Author Topic: USAF seeks space debris defense  (Read 20344 times)

Offline kevin-rf

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Re: USAF seeks space debris defense
« Reply #20 on: 06/10/2014 11:03 PM »
Depends on whose side you take. One can argue that Airforce overreached on the upgrade compared to the Navy's proposed more modest upgrade.

http://www.thespacereview.com/article/2357/1

Yes, I fully expect them to blow the budget out of the water based on the no alternative argument while we hold our breath until we turn blue...
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Offline D_Dom

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Re: USAF seeks space debris defense
« Reply #21 on: 06/11/2014 07:24 PM »
Breath holding, spin cycling, do we need any specific personal protective equipment for these activities? I guess tin foil hats will be inadequate.
Space is not merely a matter of life or death, it is considerably more important than that!

Offline kevin-rf

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Re: USAF seeks space debris defense
« Reply #22 on: 06/11/2014 08:22 PM »
tiny martini umbrella's ;)
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Offline A_M_Swallow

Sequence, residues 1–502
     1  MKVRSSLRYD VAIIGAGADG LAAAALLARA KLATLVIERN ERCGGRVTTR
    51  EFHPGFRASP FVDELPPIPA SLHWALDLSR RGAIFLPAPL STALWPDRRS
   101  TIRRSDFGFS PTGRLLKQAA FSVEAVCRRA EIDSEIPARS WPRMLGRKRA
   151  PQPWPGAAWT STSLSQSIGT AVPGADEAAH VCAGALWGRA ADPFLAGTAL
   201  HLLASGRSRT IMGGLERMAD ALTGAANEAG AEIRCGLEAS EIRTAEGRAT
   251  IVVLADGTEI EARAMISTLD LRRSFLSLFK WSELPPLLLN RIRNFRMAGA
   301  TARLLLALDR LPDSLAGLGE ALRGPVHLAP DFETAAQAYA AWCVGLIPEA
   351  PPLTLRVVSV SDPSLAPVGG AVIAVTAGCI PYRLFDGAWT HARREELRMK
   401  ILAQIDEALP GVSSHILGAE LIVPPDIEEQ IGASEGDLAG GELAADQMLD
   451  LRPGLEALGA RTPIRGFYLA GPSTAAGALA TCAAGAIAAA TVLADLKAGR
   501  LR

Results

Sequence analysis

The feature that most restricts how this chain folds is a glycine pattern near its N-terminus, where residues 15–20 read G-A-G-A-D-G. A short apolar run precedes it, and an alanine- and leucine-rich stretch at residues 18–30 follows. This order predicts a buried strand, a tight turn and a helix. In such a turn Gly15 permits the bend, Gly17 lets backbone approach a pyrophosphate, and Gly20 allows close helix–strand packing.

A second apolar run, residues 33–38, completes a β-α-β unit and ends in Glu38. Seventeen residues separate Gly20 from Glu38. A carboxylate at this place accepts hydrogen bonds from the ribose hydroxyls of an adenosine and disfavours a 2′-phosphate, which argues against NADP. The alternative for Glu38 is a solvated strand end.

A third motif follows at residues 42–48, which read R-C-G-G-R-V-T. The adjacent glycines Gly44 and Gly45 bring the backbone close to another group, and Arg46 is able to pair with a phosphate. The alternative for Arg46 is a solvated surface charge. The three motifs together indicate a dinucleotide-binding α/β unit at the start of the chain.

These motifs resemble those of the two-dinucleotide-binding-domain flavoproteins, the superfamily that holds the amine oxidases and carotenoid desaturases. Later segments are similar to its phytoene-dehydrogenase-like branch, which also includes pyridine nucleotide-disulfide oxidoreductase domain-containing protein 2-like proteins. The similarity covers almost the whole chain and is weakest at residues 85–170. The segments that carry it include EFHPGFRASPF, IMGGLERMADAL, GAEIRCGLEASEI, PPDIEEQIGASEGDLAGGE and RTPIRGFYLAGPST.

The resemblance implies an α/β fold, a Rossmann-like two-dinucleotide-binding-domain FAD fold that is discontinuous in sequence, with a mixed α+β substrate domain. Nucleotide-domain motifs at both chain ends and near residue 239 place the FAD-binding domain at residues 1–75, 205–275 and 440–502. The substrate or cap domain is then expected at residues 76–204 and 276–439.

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Re: USAF seeks space debris defense
« Reply #23 on: 06/18/2014 06:21 PM »
When changing the guard it is conventional for the new guards to get into uniform whilst the old guards are still at their posts.  Congress needs to apply this to space.

Offline Star One

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Re: USAF seeks space debris defense
« Reply #24 on: 08/18/2014 05:32 PM »
Lockheed taps GenDyn unit for Space Fence ground equipment structures.

Quote
Ground structures for housing the U.S. Space Fence program are to be designed and built by a General Dynamics business unit under contract from Lockheed Martin.

The structures - as well as integration of mechanical systems for the project - will start next year on Kwajalein Atoll in the Republic of the Marshall Islands.

http://www.spacedaily.com/reports/Lockheed_taps_GenDyn_unit_for_Space_Fence_ground_equipment_structures_999.html


Offline AnalogMan

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Re: USAF seeks space debris defense
« Reply #26 on: 08/22/2014 04:53 PM »
This conference paper (recently added to NTRS collection) addresses a method of reducing the effects of debris rather than detection methods - thought it might be of interest to readers of this thread.

LightForce Photon-Pressure Collision Avoidance: Efficiency Assessment on an Entire Catalogue of Space Debris
Advanced Maui Optical and Space Surveillance Technologies Conference 2013 10-13 Sept. 2013

Abstract